I live in close proximity to several different chains of grocery stores. I’ve been a loyal shopper to one particular location since 2005 and have never thought twice about stepping inside another store unless it was out of necessity. That all changed a few months ago when I started to see my customer experience go from one of total satisfaction to one of complete frustration.
Every Sunday afternoon I create a meal plan for the week, which always includes plenty of fresh fruits and vegetables. With my list in hand, I head to the grocery store working my way to our family favorites such as apples, avocados, and peppers. However, on this particular Sunday I noticed these items (and many others) were in total disarray with only a few bruised and spoiled items remaining in the bins. As I looked around and noticed no one would be restocking these items I improvised and recreated my menu based on what was available to me at that time.
Like many loyal customers subject to a random bad experience I gave them the benefit of the doubt and headed back the following Sunday. Unfortunately, I was again met with minimal selection and poor quality of the produce.
Lessons Learned in the Produce Aisle
Finally, after a few weeks of similar incidents I decided to visit the store on a day I normally wouldn’t. I was happy but shocked at how different my experience was. The shelves were stocked, fruits and vegetables were fresh, and store employees greeted me enthusiastically. “Wow!” I thought, “I should come on Tuesdays more often.”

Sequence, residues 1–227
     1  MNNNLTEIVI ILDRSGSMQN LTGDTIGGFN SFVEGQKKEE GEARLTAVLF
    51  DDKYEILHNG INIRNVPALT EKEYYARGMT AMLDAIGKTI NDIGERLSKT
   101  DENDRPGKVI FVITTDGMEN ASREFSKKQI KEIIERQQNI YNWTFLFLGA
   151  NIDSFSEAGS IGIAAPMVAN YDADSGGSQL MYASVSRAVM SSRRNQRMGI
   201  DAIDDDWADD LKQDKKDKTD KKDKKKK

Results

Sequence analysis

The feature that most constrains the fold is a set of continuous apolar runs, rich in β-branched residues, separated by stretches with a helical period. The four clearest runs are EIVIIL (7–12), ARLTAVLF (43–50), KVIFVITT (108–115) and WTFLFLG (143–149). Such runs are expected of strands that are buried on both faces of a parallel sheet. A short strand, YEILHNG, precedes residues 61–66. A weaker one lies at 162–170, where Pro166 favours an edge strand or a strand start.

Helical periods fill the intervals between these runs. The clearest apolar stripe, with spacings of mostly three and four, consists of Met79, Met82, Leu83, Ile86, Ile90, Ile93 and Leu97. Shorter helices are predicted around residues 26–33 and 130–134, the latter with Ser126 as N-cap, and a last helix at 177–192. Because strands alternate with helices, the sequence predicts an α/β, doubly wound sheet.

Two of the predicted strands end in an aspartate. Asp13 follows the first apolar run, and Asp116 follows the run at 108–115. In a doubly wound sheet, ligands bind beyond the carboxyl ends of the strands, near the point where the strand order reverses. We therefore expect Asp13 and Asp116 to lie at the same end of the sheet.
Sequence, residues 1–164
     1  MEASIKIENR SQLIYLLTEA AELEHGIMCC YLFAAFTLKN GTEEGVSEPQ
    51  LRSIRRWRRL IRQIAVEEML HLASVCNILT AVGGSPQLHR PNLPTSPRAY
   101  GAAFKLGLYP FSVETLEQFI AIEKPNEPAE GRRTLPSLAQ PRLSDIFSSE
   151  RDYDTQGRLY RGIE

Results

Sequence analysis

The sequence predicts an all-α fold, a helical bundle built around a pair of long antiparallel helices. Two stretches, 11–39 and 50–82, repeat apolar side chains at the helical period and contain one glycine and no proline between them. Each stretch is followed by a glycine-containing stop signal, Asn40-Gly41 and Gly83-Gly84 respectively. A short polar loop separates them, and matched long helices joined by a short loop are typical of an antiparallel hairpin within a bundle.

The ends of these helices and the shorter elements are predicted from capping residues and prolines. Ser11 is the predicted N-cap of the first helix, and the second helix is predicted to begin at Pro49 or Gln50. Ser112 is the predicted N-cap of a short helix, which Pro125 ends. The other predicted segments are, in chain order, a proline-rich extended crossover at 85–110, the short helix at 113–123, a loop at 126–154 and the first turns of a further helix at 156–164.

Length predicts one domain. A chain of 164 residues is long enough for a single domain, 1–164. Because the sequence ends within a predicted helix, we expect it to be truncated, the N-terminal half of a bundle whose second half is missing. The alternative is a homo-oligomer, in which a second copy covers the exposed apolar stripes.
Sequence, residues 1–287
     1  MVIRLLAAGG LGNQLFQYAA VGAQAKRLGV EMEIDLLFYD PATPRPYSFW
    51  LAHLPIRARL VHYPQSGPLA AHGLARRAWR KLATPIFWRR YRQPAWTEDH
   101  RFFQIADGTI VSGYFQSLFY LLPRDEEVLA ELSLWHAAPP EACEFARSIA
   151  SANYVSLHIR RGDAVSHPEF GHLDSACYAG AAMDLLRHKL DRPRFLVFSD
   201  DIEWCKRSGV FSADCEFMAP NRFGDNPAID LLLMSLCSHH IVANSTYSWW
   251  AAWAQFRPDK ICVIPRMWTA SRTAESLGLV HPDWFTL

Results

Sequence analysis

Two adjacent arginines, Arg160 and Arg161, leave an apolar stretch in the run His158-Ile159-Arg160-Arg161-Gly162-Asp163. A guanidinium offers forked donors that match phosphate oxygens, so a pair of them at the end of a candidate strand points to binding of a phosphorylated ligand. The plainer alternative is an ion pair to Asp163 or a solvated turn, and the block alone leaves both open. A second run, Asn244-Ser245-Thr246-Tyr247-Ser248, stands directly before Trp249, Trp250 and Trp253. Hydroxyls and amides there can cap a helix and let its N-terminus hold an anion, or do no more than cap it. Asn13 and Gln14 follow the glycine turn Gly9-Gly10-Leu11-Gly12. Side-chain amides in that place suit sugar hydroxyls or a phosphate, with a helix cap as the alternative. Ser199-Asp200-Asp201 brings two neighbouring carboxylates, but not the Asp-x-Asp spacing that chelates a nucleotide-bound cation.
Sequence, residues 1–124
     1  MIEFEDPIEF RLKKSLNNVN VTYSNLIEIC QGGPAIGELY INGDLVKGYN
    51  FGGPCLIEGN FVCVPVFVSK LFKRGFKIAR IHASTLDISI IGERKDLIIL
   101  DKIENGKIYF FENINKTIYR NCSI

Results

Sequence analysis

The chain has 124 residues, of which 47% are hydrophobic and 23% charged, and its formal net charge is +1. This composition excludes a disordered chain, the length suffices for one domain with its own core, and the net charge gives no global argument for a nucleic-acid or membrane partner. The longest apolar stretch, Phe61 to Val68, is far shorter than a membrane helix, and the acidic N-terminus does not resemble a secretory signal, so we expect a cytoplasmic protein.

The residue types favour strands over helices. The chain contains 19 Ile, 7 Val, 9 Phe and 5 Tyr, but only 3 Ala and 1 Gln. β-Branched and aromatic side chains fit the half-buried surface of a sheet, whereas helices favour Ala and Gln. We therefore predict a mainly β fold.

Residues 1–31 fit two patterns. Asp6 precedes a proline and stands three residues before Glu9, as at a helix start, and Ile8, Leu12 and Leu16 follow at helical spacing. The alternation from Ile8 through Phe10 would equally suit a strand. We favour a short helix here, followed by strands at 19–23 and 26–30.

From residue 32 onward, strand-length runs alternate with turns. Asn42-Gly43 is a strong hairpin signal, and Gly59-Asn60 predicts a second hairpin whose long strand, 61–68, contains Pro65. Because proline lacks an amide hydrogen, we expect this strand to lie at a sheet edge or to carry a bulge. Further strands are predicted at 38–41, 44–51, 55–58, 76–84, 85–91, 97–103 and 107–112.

However, I don’t want to shop Tuesdays. It’s not convenient for me. I was upset, why isn’t this level of service available to me every time I visit the store?
In any industry, customers expect you to deliver great service on a consistent basis. Getting there requires unwavering support from “C-level” executives for service excellence. It necessitates the courage to ask for and address service gaps with customers. It means you must hold all employees accountable to high service standards and create a culture in which employees understand their role in the service experience and are empowered to deliver.
I’ve since started shopping at a new location, but I have come to this location on occasion. I have noticed they’ve moved items to new aisles and now claim faster checkout lanes, yet they still struggle to keep produce fresh. It’s unfortunate that they don’t truly understand what customers want and they apparently have no process in place to gather that critical information.
The bottom line is – it doesn’t matter how large or small your organization is or whether you serve consumers or other businesses, customers need consistently positive experiences, especially loyal customers. The best companies rely on customer feedback to enhance those experiences at every touchpoint.